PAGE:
Who Will Make Team USA’s First Olympic Surf Team? - Battle among top women and John John Florence comeback add high drama
A tightly packed women’s field and John John Florence’s comeback add high drama to Olympic qualification’s final events
(December 1, 2019) – We will soon know which two American women and one man will join Kolohe Andino to represent Team USA in the 2020 Olympic Games Tokyo – where surfing makes its debut. For women, the final determination will be made at the World Surf League’s (WSL) Maui Pro event, which starts today. Finals are expected tomorrow, Dec. 2. The final qualifying event for men takes place at Oahu’s Banzai Pipeline Dec. 8 – 20. You can watch the action live at www.worldsurfleague.com
American women hold the top three spots in the world rankings, but only the top two can qualify for the Olympics. World No.1 Carissa Moore is seeking her fourth world title. No. 2 Lakey Peterson is seeking her first world title to become the first California world champion. If No. 3 Caroline Marks wins, she would become the youngest world champion. All are frothing for a spot on Team USA’s first Olympic surf team.
“No one could have imagined such an exciting Olympic-qualifying finale,” said USA Surfing CEO Greg Cruse. “America’s women are absolutely ripping. Team USA is the hardest Olympic team in the world to make for women surfers. I want to make a plea to take all three women to the 2020 Olympic Games!”
The scenarios for Olympic qualification include a potential surf off in the event of a tie, which would occur if Carissa Moore finishes 5th, Lakey Peterson finishes 3rd, and Caroline Marks finishes 2nd OR if any two of these three finishes occur.
The three women clinch qualification spots under the following scenarios provided by the WSL and U.S. Olympic and Paralympic Committee:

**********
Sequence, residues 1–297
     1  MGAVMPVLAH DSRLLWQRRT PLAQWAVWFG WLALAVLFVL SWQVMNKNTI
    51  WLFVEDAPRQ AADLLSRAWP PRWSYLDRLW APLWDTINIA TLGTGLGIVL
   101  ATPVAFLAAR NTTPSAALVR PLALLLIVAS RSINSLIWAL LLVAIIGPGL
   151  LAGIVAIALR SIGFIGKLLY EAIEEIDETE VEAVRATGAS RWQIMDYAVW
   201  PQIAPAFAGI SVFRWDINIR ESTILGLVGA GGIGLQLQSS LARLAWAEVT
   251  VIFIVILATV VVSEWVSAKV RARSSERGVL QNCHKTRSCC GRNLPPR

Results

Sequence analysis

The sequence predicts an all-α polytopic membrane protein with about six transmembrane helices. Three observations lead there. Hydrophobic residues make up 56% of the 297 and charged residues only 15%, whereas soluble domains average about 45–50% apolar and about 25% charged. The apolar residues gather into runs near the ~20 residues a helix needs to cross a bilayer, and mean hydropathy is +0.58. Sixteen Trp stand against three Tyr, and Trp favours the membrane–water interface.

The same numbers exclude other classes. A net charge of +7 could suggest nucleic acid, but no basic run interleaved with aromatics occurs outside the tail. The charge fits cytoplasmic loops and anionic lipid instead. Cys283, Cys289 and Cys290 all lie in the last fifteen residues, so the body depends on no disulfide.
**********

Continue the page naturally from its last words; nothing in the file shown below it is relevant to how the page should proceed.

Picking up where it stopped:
Finishes 2nd or better
Finishes 3rd AND Lakey Peterson finishes 3rd or below OR
Finishes 3rd AND Caroline Marks finishes 2nd or below
Finishes 5th-17th AND Lakey Peterson finishes 5th or below OR
Finishes 5th-17th AND Caroline Marks finishes 3rd or below
Finishes 2nd AND Carissa Moore doesn't make it to Finals OR
Finishes 2nd or 3rd AND Caroline Marks doesn't make it to Finals
Finishes 5th AND Caroline Marks finishes 3rd or below
Finishes 9th or below AND Caroline Marks finishes 9th or below
Finishes 2nd AND Lakey Peterson finishes 5th or below
Finishes 3rd or 5th AND Lakey Peterson finishes 9th or below
The final men’s event in December will also provide plenty of drama and excitement. Sidelined for most of the season recovering from ACL surgery, John John Florence is competing in the final Pipe Masters event looking to earn the last spot on Team USA’s Olympic surf team. Despite being out for most of the season, Florence is still ranked No. 8 in the world – just ahead of No. 10 Kelly Slater. Andino clinched the first Olympic qualification position after his performance in Portugal.